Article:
Estimates of strain additive and non-additive genetic effects for growth traits in a diallel cross of three strains of giant freshwater prawn (Macrobrachium rosenbergii) in Vietnam

Additive genetic, heterotic and strain reciprocal effects were estimated using a diallel cross of two local wild strains of the giant freshwater prawn (Macrobrachium rosenbergii) in Vietnam (Dong Nai and Mekong) and a third domesticated Hawaiian strain, newly introduced to Vietnam. While some minor heterotic outcomes were detected in specific crosses, strain additive genetic and reciprocal effects were more significant sources of variation for all growth traits measured.

Annual report 2008/09

Along with a feature on our climate change work, this year’s Annual Report covers topics like fish breeding, coral reef work, post-cyclone rehabilitation, big numbers, and helping the most disadvantaged through aquaculture, to name just a few.

Developments in the breeding of cultured fishes.

The controlled breeding of finfish for culture is reviewed with special refer-ence to recent developments and persistent problems. Freshwater species are at present cultured on a much larger scale than brackishwater and marine species which have potential for aquaculture in arid and semi-arid lands. A reliable supply of fish seed for freshwater farming can usually be produced from captive broodstock whereas coastal aquaculture still depends largely on collection of seed from the wild.

Improving disease resistance of cultured fish through selective programs (an overview)

The sustainable development of aquaculture in Egypt needs the efforts coordinated of different sectors. Disease prevention is the most important aspect for protecting the success in the field of aquaculture. Egyptian farmers, like other farmers in other countries, use different chemicals and antibiotics to treat fish diseases. This approach is dangerous to aquaculture because of the residue in fish body and also for the development of drug resistant bacteria that not only affect fish but also induce harmful effect on humans and may have a deteriorative effect on the environment.

Evaluation of the new fluorescent internal tag (soft visible implant alphanumeric tag) in the freshwater prawn, Macrobrachium rosenbergii

The new version of the polyester visible implant alphanumeric tag (VI Alpha tag; Northwest Marine Technology Inc., Shaw Island, Washington, USA) was evaluated in the giant river prawn (Macrobrachium rosenbergii) under laboratory conditions. The new VI Alpha tag is soft and fluorescent with an alphanumeric code designed to identify individual specimens. Two tag sizes - standard (1.0 x 2.5 mm) and large (1.5 x 3.5 mm) - were tested on juveniles (standard size), subadults (standard size), and adults (large size) for 10 weeks.

Effects of relatedness and inbreeding on reproductive success of Nile tilapia (Oreochromis niloticus)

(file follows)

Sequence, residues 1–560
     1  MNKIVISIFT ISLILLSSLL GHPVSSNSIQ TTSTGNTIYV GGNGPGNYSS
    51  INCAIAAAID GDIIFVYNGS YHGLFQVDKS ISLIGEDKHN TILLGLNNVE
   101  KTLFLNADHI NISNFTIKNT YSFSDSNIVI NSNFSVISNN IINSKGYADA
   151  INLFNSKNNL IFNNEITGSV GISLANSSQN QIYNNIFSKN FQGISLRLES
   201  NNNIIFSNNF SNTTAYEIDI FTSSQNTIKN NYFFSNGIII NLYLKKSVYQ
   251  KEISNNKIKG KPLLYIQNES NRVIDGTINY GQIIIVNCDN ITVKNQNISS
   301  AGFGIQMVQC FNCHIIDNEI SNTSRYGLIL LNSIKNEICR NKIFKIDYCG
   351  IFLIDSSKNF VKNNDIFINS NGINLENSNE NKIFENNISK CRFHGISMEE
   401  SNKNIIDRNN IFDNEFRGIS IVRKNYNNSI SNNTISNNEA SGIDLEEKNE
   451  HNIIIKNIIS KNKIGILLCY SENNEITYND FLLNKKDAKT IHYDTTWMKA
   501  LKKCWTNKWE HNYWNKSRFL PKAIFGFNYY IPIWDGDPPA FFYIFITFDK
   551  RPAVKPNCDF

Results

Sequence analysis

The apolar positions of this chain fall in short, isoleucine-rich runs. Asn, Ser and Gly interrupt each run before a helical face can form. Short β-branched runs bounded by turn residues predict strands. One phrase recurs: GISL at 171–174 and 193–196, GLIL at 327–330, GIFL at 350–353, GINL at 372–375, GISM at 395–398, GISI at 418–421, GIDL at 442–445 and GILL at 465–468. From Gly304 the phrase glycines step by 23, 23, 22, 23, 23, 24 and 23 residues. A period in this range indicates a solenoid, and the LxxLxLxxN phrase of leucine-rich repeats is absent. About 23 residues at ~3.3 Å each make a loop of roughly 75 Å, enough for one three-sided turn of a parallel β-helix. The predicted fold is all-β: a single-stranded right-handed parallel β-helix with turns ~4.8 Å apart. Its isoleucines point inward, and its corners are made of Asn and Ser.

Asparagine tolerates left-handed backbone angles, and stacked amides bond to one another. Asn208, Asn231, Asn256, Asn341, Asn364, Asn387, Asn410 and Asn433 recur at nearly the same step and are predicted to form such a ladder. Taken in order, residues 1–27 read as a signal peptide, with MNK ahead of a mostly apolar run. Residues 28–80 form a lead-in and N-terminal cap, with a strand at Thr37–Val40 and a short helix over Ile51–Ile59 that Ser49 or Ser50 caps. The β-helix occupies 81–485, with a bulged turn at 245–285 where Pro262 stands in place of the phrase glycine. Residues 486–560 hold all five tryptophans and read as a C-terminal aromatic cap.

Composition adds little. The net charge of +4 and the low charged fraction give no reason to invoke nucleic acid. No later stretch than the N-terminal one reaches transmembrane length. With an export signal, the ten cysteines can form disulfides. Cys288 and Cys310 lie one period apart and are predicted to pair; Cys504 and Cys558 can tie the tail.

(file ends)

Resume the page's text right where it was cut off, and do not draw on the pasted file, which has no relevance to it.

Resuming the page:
It is well established that progeny of inbred matings are less fit than those of outbred matings, and that inbred individuals suffer from reduced viability and fertility. Inbreeding can be avoided by dispersal of progeny or by actively avoiding mating with kin (mate choice). We investigated the effects of sex ratio, relatedness (kinship coefficient) and level of inbreeding on the reproductive success in Nile tilapia under semi-natural mass spawning conditions in two net enclosures (hapas).

Lessons from established breeding programs: terrestrial and aquatic animals

Some relevant components of selection program theory and implementation are reviewed. This includes pedigree recording, genetic evaluation, balancing genetic gains and genetic diversity and tactical integration of key issues. Lessons learned are briefly described – illustrating how existing method and tools can be useful when launching a program in a novel species, and yet highlighting the importance of proper understanding and custom application according to the biology and environments of that species.

Contamination of cultured Philippine Nile tilapia (Oreochromis niloticus) with O. mossambicus

Preliminary investigations of experimental and commercial stocks of Nile tilapia (Oreochromis niloticus) in the Philippines indicate contamination through interbreeding with wild O. mossambicus. Contamination was determined by polyacrylamide gel isoelectric focusing of skeletal muscle parvalbumins and starch gel electrophoresis of a wide variety of tissue enzymes, from which eye and heart phosphoglucose isomerases were selected as diagnostic markers.

Choice of tilapia species for aquaculture

The large body of information available on tilapia biology and culture presents a confusing picture to the prospective culturist. Further stock improvement and standardization of intensive culture methods are needed. Concentration on a few species - Oreochromis aureus, O. niloticus, their hybrids and the 'red' tilapias will facilitate progress. the macrophyte-feeder Tilapia rendalli may also have potential particularly for polyculture with microphagous tilapias. International cooperation is recommended for establishing research facilities and programs.

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